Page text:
Holding his back with his left hand while pushing his other hand on his right thigh, Lester rose from the couch. "Gettin' old sure is hard on these tired bones," he said to his son.
"Dad, it doesn't help that you stay locked up in this farmhouse day after day. Mom died nine months ago, please let her go," Michael replied. "Think about what I said. It's time to sell this place and move into one of those assisted-living facilities. The house and farm are too much for you."
Using his cane, Lester walked his son to the door. "I know, what you're sayin' makes sense. But I've lived in this house my entire life; your ma and me had 65 good years in this house. I ain't quite ready to walk away just yet. Give me a little more time."
After Michael left, Lester looked around the living room which had also become his bedroom. Dust laid thick over the entire room and cobwebs hung from the corners. The once yellow and green couch had long since faded. Old newspapers and magazines competed for floor space. He knew that if he went into the kitchen, he would be met with the same disarray.
"Lord, you know this old man's heart. You know how much I loved Letty and how my heart broke when she died. Michael's right, I can't let her go. I don't think I can go another day without my sweets sittin' in her easy chair next to mine. You promised You wouldn't give me more than I can bear. Please help. Show me You haven't forsaken me. In Jesus' name, Amen."
A lonely week passed while Lester continued living in his misery. His only human contact was when the mail arrived.
"Here's your mail, Les. Have a great day," the postman said while waving good-by. Lester appreciated the fact his friend willingly brought the mail to his door daily even though it was mostly junk.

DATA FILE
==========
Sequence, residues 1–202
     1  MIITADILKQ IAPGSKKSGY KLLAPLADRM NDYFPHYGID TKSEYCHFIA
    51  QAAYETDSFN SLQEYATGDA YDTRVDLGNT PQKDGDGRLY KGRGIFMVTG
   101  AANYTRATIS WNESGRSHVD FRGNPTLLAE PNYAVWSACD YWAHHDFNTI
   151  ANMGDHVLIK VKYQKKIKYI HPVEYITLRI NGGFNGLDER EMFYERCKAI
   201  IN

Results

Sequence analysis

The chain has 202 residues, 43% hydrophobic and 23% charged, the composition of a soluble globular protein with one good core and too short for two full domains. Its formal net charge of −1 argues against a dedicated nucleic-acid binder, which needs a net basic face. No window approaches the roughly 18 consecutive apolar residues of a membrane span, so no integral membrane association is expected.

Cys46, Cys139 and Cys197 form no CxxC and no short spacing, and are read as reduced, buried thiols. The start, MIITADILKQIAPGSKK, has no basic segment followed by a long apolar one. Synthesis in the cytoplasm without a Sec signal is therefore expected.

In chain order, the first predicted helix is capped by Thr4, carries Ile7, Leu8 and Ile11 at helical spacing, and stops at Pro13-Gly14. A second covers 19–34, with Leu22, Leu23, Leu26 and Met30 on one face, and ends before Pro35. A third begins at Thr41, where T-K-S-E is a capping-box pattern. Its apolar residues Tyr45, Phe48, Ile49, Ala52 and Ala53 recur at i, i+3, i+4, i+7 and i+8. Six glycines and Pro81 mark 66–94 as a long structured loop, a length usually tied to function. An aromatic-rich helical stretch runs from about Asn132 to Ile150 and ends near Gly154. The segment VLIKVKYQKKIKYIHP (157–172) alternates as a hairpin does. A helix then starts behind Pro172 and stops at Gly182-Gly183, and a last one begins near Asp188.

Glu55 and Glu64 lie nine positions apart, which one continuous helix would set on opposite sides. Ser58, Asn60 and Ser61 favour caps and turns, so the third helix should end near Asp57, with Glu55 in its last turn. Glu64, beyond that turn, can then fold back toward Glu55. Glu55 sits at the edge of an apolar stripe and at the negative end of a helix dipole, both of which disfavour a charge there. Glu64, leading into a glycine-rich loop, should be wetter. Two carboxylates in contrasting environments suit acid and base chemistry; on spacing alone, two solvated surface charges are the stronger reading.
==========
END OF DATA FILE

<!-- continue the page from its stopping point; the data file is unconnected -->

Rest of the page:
Reading the store flyer, Lester noticed ground beef on sale. The next advertisement was for a heating service. "I suppose it's time to turn the heater on, better give 'em a call. What the…?" he asked as an envelope fell to the floor.
He bent toward the floor. Realizing his body wouldn't allow him too much flexibility, he scooted a straight-back chair toward where the letter lay. Sitting in the chair and moving the letter closer with his cane, he was able to scoop it up without too much pain in his back.
"At least the noggin's still working after all these years," he chuckled.
Once Lester took a good look at the letter, his hands began to tremble even more than usual. He couldn't believe what he was reading. The date circled on the canceled three-cent-stamp read "1945." It had been mailed from a military base in England. Grabbing a letter opener, he ripped into the envelope. It was a letter he had written to Letty during World War II.
My precious sweets, how I miss you and love you. It's hard to believe we've been married four months already. I wish we had more than two weeks together before I was shipped out. I'm glad you are staying with my folks on the farm where it's safe.
I can't wait for this war to end so I can hold you in my arms again. I keep telling myself that this is temporary. It is what it is. Soon enough we'll be together and have our entire future in front of us, together forever. Us and the Lord, that is.
Hang tight, my love. Until I see your beautiful smile again, know I love you.
Now and forever,
Of all the dozens of letters he wrote during the war, this one didn't reach its destination until the moment it was needed most. The God of miracles began to minister to Lester. He understood completely he had not been forsaken by the Lord. He also knew his separation from Letty was temporary. It was what it was. Soon enough they would indeed be together forever in the presence of their Lord and Savior.
Finding strength from deep within, something which had been missing for nine months, Lester did a little shuffle-jig. "Where is the phone book?" he asked while sifting through the piles of debris. "I need to call a realtor to see what needs to be done to put this ol' farm up for sale."
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